Warning: This article contains multiple spoilers. Do not read if you have not seen the finale of How I Met Your Mother.
It was, to quote Barney Stinson, legen … wait for it … dary! The nine-season saga of How I Met Your Mother came to a close during a one-hour finale Monday night, and in between the tears and the laughs, Carter Bays and Craig Thomas fulfilled the vision they had been building, pineapple by pineapple, since episode 1, when Ted Mosby (Josh Radnor) told Robin Scherbatsky (Cobie Smulders) that he loved her on their first date.
Yes, fans’ worst fears were confirmed: The Mother (Cristin Milioti), who we were gradually introduced to during the course of the final season in wedded bliss with Ted in flash-forwards, did, indeed, die. And in a completely emotional gut punch, we learn that the point of Ted’s long and winding story to his children of How He Met Their Mother was actually … it seems so obvious now … how he never really got over Robin, who divorced Barney (Neil Patrick Harris) after only three years and never remarried. (As the kids remind him, the Mother is barely in the story!)
I realize many viewers were outraged by what they saw as a tasteless final scene: Ted showing up on Robin’s doorstep, holding the Smurf Penis—er, blue French horn. Apparently, the blogosphere feels Ted should have lived the rest of his life as a widow, even though the Mother clearly told him she didn’t want him living in the past. And c’mon—the guy waited six years! For me, this episode gets better the more I think about it. And for those who will be streaming this again someday on Netflix, imagine how differently you’ll be watching it.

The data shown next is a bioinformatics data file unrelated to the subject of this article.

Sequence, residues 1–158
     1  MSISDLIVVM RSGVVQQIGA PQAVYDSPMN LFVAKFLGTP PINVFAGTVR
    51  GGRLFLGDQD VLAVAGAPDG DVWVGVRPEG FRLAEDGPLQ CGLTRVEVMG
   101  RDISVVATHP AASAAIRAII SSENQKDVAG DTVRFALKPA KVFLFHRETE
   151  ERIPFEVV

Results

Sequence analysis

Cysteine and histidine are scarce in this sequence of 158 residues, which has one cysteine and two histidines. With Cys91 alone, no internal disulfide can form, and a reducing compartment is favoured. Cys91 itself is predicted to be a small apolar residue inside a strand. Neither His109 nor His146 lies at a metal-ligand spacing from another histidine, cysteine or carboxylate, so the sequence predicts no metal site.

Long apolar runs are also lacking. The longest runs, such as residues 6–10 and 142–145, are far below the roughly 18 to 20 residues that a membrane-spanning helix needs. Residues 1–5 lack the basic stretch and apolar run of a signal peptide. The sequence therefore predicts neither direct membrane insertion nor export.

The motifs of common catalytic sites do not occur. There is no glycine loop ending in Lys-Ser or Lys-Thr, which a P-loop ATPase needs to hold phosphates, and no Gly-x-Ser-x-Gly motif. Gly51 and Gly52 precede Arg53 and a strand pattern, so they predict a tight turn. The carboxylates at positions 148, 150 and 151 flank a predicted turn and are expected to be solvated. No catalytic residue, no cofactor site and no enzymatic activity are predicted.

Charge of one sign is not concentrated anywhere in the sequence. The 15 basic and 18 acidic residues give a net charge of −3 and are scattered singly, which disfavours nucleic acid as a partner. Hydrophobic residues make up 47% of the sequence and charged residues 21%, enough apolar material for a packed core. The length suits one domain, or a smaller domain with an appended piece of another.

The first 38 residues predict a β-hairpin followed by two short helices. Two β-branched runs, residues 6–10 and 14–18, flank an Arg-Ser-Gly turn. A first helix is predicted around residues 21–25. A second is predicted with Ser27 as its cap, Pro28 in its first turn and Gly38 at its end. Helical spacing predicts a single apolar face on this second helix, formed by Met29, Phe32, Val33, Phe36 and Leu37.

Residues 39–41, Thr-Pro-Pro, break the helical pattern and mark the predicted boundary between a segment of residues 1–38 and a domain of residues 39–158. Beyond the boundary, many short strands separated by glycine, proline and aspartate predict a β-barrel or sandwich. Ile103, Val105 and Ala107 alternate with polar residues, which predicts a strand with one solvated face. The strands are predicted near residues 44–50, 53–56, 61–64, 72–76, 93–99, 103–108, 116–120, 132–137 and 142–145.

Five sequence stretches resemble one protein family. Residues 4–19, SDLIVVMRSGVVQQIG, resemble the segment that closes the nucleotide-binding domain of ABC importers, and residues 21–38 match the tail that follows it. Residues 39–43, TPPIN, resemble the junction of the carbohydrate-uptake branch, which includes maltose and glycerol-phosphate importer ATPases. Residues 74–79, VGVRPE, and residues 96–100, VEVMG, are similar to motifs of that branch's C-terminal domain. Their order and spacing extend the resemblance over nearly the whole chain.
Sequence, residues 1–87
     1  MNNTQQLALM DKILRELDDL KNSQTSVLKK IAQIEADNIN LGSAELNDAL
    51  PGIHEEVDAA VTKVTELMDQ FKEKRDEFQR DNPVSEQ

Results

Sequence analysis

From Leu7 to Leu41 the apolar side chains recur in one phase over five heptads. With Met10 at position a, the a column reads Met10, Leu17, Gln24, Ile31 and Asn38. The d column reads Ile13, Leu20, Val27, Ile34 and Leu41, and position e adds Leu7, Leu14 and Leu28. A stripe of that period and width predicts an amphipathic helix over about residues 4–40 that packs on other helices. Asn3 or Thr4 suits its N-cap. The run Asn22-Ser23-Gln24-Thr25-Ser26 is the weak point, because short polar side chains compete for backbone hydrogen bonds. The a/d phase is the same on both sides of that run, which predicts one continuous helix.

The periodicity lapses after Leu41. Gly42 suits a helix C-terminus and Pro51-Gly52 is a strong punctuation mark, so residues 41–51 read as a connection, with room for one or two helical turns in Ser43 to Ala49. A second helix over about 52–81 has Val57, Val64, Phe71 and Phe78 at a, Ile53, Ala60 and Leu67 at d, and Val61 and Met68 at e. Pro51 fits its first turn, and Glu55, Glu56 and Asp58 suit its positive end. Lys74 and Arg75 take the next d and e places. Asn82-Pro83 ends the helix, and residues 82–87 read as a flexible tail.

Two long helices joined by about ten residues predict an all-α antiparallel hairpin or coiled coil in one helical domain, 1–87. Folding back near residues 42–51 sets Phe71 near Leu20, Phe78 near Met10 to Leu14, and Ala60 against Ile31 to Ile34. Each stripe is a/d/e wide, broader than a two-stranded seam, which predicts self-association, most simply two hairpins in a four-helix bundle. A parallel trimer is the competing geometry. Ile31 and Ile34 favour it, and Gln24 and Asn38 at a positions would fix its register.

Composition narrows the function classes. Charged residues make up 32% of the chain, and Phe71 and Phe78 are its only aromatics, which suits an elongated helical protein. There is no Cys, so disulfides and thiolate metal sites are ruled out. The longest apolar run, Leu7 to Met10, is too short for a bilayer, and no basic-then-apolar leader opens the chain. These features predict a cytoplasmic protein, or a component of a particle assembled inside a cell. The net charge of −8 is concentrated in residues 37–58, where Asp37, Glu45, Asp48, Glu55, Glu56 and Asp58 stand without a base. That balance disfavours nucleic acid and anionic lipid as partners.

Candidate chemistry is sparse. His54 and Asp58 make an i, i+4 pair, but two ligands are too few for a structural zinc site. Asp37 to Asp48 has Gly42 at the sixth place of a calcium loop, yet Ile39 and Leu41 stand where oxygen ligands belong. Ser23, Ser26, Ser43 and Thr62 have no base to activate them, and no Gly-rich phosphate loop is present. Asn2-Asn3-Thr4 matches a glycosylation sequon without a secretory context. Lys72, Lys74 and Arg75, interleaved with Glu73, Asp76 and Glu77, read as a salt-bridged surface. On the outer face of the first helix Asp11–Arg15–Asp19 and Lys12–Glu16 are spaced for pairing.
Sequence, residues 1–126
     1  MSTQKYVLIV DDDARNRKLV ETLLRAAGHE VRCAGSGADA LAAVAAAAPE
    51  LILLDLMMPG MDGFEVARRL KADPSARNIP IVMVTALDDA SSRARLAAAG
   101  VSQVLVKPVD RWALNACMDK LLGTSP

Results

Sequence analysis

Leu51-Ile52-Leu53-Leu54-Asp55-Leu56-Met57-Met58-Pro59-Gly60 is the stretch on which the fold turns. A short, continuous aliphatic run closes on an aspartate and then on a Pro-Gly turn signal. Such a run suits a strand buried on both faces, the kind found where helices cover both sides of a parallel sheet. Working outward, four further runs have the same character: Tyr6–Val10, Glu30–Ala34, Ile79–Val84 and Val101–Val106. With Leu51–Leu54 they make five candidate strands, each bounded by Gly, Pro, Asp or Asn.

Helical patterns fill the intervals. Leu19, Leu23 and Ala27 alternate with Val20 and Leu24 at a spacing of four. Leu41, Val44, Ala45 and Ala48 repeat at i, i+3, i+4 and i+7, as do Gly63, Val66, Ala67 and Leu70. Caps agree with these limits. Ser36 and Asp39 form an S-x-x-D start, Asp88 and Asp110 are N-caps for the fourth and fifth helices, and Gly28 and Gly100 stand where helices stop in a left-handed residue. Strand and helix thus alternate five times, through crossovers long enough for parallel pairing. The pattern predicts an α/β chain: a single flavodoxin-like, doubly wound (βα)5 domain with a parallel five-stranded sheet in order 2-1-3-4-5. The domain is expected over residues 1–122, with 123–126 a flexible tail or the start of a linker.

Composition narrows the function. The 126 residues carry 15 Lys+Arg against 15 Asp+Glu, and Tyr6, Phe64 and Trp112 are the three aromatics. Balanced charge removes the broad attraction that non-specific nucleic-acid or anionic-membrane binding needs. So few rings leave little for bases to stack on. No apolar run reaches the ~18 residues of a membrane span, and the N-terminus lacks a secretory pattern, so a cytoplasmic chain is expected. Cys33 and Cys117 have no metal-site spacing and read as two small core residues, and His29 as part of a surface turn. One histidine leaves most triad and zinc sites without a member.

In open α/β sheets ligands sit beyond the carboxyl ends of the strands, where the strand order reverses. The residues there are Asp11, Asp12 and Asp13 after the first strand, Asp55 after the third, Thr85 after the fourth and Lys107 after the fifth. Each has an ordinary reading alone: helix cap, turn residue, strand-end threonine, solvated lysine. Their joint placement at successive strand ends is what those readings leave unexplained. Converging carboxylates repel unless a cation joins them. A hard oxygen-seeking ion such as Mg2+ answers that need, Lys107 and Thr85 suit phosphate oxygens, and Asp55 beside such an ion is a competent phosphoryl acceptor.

Show creators Carter Bays and Craig Thomas have contributed something truly unique in television history. HIMYM is not, as so many detractors have suggested, a Friends ripoff. It’s a multilayered, detailed and meticulously thought-out saga, and its use of flashbacks, flash-forwards and twists is a master class in storytelling. “But we’ll get to that” was perhaps the show’s catchphrase, because you always knew it meant a significant piece of the puzzle was soon to be revealed. And HIMYM came about its surprises and emotional crescendos without resorting to cheap ploys or clichéd circumstances. Characters thrived, despaired, died, laughed and lived pretty much the way they do in real life.
Bays and Thomas showed their affection for each and every character in the show, wrapping up storylines for not only Ted’s closest friends Marshall Eriksen and Lily Aldrin (Jason Segal and Alyson Hanagan) and Barney—It puts a huge smile on my face to think of Marshall as “Fudge Supreme,” or Barney lavishing all his wealth on his love child from “No. 31”—but so many of the ancillary characters, some of whom were only in a single episode. (Seeing Hugo “Hurley” Reyes say one last, “Aw, MAN!” was so satisfying.)
All I can say is, if the upcoming How I Met Your Dad is even half as good as this show was, I’ll be committing myself to another nine years.